7:15B-boys aren't just dancers: They're actors. Though they stare each other down like boxers in a ring, turns out that the camo-clad b-girl Monarch (of PMS) and the security guard-outfitted b-boy Sequel (of Sample Text) are actually dating. When Sequel throws down, dancing threateningly around Monarch, nobody notices when he plants a momentary kiss on her cheek before spinning horizontally on the floor.
8:00 The rest of the night is all happy comedown. Fiction reprises his catchiest song (something about "Fuck that, nigga, I'll take your shit"), Doomtree gets over on group moxie, and I Self Devine offers our best regional anthem yet, "Ice Cold." The momentum carries over into the DUNation after-party, held on the top of the building that houses Roberts Shoes on Lake and Chicago. Producer Dtekh, poet Desdamona, blogger Saucy Dame, Slug of Atmosphere, artist Earnest Bryant III, and many others mingle against a skyline of moon, downtown buildings, and the lit-up Sears tower. Muja Messiah mans the bar, charging white people extra for drinks.
Sunday, August 21, 5:20 p.m. During a panel discussion on "indulgence," Brother Ali takes issue with the notion that hip hop and rap are different entities with different motivations. "If I could sound like Ludacris, I would," he says.
One reporter's opinion: There's nothing wrong with rap music that isn't wrong with the American dream, a two-faced beast that tells people to work hard, then glorifies those who've skipped the square job and gone straight to riches. (Later this evening, AD, whose initials stand for American Dream, performs his own local anthem, "North Side Stomp.")
6:15On the sidewalk outside, Afro-ed rapper Young Pluky is stopping passing SUVs to hawk his $3 CD, D.T.R. Dodging the Rico. "Yo, we're trying to get off the block here," he hollers. "I don't want to sell drugs no more."
10:10"How many of you here were born in the '70s?" says Zach Combs onstage, by way of buying some time for festival headliner Slick Rick. A "yeah" comes roaring back in reply. "How about the '80s?" says Combs. The "yeah" doubles in volume, and Combs pantomimes being blown over by a fierce wind. One new resident of Golden Valley wonders why people born in the '60s are so often slighted at hip-hop shows.
Today was a good day: Gangster-esque females Heat were hot. Local hip-hop godfather Travis Lee (better known as Travitron) got an award for starting all this. "Northern Exposure (Tease Me)," the new song by the C.O.R.E. (featuring festival organizer Toki Wright), is the best hip-hop ho-down since Crucial Conflict's "Hay." And Enfinity Dance Group did some krumping during what was essentially a paid performance for their $200 prize money when nobody else showed to compete.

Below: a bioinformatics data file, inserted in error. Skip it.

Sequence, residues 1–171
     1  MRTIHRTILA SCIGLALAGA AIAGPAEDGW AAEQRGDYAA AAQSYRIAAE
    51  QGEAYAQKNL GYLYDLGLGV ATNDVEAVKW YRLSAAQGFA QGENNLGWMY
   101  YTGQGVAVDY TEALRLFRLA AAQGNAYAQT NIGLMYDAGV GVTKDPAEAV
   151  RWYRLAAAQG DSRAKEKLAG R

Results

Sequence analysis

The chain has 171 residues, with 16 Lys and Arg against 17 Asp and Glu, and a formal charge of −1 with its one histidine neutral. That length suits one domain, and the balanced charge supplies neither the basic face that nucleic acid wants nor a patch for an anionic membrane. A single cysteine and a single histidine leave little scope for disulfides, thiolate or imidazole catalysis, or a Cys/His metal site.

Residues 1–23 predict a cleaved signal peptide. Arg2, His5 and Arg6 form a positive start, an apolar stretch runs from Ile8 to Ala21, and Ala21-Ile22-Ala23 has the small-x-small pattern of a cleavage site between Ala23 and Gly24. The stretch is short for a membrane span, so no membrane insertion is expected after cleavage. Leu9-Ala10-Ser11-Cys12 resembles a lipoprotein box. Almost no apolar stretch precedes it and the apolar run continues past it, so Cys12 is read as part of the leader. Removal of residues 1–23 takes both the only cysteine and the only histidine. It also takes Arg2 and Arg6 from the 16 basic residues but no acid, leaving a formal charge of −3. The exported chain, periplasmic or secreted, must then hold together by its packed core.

But everyone is here for "the Ruler."
"I'm going to play two records, one old-school, one new-school," says Slick Rick once he's taken the stage, cueing his DJ. "And you tell me which one moves you in your soul."
He plays a series of new tracks and old ones, setting Mike Jones against House of Pain, the Ying Yang Twins against the Mary Jane Girls. He introduces his wife, who suits him up in '80s-style gold chains before he raps "Children's Story." ("This was how we dressed when I was your age," he says.) Trim and animated, he nonetheless has the ironic glint of a man who knows he's an oldies act. "Try to stay within your Ten Commandments," he says by way of goodnight. "And let's try to keep this racial melting pot going."
11:30 Clad in a white tank top with a Puerto Rican flag, St. Paul rapper Maria Isa is salsa dancing outside First Avenue with a guy in a Che Guevara T-shirt. Friends are banging on drums, and others are singing call-and-response in Spanish. Soon b-boy Daylight is a blur on the sidewalk. Dick Mammen, a guy in a white beard who founded the organization behind this weekend's event, Yo! the Movement, has known festival honchos Toki Wright and Larry Lucio since they were kids.
"It's a spontaneous youth gathering," he says, smiling at the spectacle. "Shouldn't somebody call the cops?"
For more photos from the 4th Annual Twin Cities Celebration of Hip Hop, visit Complicatedfun.com.